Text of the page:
· Rick Perry ran ads stating the current administration had declared a “war on religion.” (https://bit.ly/znMaIc)
· Pastor Robert Jeffress attacked Mitt Romney during the primaries by calling Mormonism a “cult.” (https://huff.to/zr2KMT)
· Randall Terry, a radical conservative activist, has released ads telling Christians that “when you support Obama … it’s as if your vote is an attack on Jesus himself.” (https://bit.ly/xqsS3F)
· Mike O’Neal, Kansas House Speaker, sent an email to his Republican colleagues saying that his prayer for President Obama is Psalm 109:8, which reads: “May his days be few; and another take his place of leadership.” (https://huff.to/waWS9H)
Christians often disagree.
Sometimes we become passionate and argue.
But these tactics go too far.
Where did we begin our conversation this morning?
Let the words of my mouth and the meditation of my heart be acceptable to you, O LORD my rock and my redeemer.
These represent just two examples of what I consider to be the misuse of religion.
Both are by those who call themselves Christian which is what I call myself.
But, Christianity certainly doesn’t have a monopoly on this type of rhetoric or action. Without too much trouble I am sure I could find similar examples from Judaism and Islam and Hinduism and Buddhism.
But, I am a Christian.
And, if I have a voice at all it is to Christian community, in general, and in this community in particular. And, so here is what I want to say to you today.
You and I…
And those like us, of whatever religious tradition, who believe that while we may disagree and even disagree passionately about religion and politics and the appropriate strategies to help us solve the issues we face, we are to listen with as much intensity as we speak and we are to treat one another with respect. I believe we need to regain our voice and to say with as much clarity as we can;
Not just here, but also in the public square:
That any use of religion and any interpretation of scripture that breeds violence or hatred or disdain is illegitimate. That any use of religion that demeans another or purposefully divides one from another is illegitimate.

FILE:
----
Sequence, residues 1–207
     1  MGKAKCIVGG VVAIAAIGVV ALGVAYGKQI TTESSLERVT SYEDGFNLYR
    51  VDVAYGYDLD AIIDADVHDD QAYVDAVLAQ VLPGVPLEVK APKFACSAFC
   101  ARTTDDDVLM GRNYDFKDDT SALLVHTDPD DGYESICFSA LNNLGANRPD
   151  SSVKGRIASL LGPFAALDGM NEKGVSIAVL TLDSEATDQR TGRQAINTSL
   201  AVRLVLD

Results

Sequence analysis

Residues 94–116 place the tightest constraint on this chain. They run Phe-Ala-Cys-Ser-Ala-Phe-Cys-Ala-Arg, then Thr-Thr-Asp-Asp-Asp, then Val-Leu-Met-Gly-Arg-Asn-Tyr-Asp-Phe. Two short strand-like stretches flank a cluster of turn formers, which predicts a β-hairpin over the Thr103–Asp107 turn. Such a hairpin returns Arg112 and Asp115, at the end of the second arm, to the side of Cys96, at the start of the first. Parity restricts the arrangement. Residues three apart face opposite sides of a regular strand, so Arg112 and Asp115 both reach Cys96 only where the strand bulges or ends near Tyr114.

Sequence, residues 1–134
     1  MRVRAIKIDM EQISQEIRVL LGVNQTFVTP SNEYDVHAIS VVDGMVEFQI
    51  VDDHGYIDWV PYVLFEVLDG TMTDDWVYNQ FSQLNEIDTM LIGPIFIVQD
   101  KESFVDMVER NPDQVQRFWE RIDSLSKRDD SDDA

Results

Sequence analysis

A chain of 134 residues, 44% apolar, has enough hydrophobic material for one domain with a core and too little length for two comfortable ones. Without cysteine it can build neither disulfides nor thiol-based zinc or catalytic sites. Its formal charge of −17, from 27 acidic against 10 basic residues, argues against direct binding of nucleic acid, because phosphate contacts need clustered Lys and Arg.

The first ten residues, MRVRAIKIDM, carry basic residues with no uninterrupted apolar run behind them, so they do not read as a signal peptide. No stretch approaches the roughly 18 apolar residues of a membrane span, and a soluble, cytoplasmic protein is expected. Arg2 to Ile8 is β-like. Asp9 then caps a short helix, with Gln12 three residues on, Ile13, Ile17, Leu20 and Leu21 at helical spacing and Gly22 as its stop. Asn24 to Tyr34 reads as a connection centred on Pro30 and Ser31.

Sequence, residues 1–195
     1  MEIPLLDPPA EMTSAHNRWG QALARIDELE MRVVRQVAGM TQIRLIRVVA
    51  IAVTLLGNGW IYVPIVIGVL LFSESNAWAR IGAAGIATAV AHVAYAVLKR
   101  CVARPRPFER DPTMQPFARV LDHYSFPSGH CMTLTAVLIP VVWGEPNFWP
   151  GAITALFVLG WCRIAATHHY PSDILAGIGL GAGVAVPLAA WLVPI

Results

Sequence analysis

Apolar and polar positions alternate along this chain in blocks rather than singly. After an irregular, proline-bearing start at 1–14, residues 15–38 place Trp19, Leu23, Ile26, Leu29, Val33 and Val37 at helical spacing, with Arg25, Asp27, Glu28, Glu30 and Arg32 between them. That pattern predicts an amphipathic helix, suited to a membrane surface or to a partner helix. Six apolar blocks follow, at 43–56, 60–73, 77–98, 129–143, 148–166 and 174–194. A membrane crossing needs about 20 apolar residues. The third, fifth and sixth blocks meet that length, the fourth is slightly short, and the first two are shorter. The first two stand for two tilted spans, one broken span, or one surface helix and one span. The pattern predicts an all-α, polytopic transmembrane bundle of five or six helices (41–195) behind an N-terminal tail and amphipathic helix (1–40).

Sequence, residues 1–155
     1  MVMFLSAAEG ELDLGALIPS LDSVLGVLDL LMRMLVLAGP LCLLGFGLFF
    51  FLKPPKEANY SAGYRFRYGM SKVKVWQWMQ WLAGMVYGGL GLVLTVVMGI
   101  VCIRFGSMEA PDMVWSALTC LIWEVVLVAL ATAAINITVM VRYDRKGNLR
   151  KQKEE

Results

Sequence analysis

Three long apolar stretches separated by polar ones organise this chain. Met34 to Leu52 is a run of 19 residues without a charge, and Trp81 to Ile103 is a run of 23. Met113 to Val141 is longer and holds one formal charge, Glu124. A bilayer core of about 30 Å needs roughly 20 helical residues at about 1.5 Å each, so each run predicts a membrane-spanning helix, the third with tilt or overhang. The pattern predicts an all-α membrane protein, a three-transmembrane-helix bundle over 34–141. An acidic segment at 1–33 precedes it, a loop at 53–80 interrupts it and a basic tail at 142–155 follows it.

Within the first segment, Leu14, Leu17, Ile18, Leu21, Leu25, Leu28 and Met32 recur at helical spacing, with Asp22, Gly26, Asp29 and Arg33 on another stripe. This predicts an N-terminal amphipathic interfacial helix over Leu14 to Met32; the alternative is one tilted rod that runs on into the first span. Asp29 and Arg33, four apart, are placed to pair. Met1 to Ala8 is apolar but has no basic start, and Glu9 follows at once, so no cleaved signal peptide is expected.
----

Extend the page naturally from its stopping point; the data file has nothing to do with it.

The days of wars waged the name of religion must cease.
The days of intolerance and prejudice cloaked in religions rhetoric must cease.
The days of ethnic or political or racial hatred or discrimination disguised as religious principle must cease.
And, the truth of the matter is this…
If you and I do not find the courage not just to think it, but to say it;
Not just to disavow it by turning way, but to confront it;
It will not happen and the misuse and violence and discrimination and division will continue.
I know this is not easy for us.
For us our faith is very personal.
It guides what we do and why we do it.
It shapes our values and what we try to teach our children.
It inspires us and comforts us and strengthens us and sustains us.
But it is often inside us and not outside us.
We are not those who beat others over the head with our interpretation of the Bible.
We are not those who tell others that they will go to hell if they don’t think and act and believe as we do.
We are not those to wear our faith on our sleeves.
But, maybe some of that needs to change…at least a little. I believe our voice needs to be heard.
Our take on what it means to be faithful needs to be heard.
Our understanding of compassion and hospitality and inclusion needs to be heard.
Our sense of who God is and who God calls us to be and what God calls us to do needs to be heard.
I think many around us are looking for and waiting for and hoping for and maybe even praying for a different, more inclusive, more tolerant, more visionary understanding of God and religion and faith to be seen and heard, not just in church, but maybe even in the public square.
Our faith is very personal, but it can no longer be private.